"I don't go there for the war criminals": The Korean Wave, Japanese Isolationism, and Cultural Power on the International Stage

Curator's Note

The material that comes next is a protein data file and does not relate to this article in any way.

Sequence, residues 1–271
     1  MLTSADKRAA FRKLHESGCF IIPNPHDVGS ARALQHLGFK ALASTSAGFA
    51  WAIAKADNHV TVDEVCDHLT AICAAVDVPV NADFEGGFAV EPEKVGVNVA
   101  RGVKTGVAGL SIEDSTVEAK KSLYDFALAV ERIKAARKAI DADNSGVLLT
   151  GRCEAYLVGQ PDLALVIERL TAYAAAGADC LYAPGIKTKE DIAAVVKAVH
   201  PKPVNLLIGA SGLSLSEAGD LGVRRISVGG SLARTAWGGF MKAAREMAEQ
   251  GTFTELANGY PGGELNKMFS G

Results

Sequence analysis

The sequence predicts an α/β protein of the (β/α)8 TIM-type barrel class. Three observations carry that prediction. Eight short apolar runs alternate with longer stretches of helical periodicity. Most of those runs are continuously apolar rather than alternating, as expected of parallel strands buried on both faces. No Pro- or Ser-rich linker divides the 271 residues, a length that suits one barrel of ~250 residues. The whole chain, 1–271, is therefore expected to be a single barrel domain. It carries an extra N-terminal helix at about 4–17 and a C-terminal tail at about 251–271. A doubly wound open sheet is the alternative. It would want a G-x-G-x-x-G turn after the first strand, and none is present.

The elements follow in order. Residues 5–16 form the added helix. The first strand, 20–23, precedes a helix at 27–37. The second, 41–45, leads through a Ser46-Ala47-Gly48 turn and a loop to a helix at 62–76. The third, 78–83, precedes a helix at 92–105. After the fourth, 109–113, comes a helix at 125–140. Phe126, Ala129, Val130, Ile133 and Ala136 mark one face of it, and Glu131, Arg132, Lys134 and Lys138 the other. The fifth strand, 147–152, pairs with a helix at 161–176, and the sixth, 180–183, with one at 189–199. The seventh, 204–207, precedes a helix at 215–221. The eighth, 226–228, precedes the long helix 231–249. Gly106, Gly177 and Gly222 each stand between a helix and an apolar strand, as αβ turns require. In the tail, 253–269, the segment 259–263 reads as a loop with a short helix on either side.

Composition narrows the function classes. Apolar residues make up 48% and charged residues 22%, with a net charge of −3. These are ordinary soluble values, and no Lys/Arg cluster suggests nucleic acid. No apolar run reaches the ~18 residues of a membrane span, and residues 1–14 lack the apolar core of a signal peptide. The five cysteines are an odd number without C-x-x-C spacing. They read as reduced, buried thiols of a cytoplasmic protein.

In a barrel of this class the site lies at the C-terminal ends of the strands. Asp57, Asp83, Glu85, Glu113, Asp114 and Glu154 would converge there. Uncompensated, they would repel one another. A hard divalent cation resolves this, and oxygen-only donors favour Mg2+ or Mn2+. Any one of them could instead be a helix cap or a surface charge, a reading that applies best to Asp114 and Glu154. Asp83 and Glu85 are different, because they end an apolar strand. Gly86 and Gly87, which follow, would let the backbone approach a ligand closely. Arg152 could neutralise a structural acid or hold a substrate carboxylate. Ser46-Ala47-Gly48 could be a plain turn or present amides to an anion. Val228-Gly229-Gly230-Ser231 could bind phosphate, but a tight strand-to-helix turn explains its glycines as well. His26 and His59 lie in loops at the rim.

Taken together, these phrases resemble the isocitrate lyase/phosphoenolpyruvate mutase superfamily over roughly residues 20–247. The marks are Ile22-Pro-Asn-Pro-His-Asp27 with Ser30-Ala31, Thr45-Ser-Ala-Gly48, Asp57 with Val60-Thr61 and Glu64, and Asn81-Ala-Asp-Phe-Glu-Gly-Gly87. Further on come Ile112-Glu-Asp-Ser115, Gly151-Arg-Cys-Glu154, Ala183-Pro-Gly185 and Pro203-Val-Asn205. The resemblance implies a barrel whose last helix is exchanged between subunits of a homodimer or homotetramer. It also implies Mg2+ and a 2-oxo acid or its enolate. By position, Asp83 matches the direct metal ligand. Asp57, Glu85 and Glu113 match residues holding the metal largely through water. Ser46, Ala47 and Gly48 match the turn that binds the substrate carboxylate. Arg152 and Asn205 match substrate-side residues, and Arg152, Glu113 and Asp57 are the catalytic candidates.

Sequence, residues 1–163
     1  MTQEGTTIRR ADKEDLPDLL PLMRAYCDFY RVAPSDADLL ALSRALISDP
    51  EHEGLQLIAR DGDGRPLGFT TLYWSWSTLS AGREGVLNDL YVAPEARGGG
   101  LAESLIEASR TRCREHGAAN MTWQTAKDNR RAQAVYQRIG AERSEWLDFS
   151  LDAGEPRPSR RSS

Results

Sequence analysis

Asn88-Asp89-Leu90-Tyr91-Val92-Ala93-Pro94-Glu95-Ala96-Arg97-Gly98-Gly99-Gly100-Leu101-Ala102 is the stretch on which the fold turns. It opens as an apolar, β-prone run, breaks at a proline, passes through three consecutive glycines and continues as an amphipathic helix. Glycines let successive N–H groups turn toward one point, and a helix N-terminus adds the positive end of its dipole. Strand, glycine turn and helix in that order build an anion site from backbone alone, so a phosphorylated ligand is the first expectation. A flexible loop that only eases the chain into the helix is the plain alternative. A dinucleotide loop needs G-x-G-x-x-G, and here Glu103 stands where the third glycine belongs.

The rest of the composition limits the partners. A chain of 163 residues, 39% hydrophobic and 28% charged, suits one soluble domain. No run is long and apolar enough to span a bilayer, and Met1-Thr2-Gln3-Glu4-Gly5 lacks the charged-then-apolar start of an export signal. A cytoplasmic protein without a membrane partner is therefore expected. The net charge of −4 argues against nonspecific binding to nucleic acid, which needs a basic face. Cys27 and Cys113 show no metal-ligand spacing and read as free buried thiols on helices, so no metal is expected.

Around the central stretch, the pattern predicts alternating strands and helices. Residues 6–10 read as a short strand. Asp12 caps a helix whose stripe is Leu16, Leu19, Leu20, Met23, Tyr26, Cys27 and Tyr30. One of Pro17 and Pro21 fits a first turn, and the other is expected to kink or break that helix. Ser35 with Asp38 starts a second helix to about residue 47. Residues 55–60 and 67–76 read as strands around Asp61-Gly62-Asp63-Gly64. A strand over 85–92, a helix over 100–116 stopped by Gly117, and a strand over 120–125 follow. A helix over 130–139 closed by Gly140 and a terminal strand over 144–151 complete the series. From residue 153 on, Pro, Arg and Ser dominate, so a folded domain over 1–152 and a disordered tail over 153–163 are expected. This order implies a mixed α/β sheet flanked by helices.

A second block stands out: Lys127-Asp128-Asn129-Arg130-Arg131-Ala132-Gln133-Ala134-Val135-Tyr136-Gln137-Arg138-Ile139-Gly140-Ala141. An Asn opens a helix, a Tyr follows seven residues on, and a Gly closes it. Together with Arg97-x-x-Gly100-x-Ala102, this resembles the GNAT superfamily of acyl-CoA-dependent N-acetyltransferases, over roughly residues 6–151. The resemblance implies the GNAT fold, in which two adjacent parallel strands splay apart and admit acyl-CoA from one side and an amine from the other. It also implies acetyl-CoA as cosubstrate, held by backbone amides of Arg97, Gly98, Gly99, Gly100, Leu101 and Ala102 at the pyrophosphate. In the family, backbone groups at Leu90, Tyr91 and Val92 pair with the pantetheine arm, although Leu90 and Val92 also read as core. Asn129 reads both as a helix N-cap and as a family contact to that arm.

In this is a video presentation, I analyze Japanese reactions to the Korean Wave, focusing primarily on a flash-in-the-pan moment in 2005. The Korean Wave, or Hallyu, describes the media and cultural exports that gained momentum at the end of the 1990s and the beginning of the 2000s, describing K-pop, television shows, movies, and dance groups. The relationship between the Japanese and Korean entertaining industries is fraught for a number of reasons, and the ambivalence of attitudes is seen in both the economic and critical success of Korean entertaining in Japan as well as the anti-Korean sentiment that it has stirred in that same country. The content of both entertainment industries is often closely connected, adapting and remaking the same stories for their home markets. This becomes all the more contentious as both Japan and Korea vie for access to global markets, often achieved through licensing and distribution agreements with Western nations. In many ways, the Korean Wave can be read as analogous to the forced end of Japanese isolationist policy coupled with the transference of symbolic cultural capital on the international stage and accompanied by a shift in economic capital from Japan to Korea. Thus, a study of transnational media circulation must attend to the politics and ideological constructs of nation states because the actors in these contexts are often engaged with issues of identity, power, economics, and politics. Transmedia scholarship must attend to representation and adaptation, of course, but it must do so with a full understanding of what’s at stake. A full transcript with PowerPoint slide markers can be found on my academia.edu page: https://wpi.academia.edu/JenniferdeWinter



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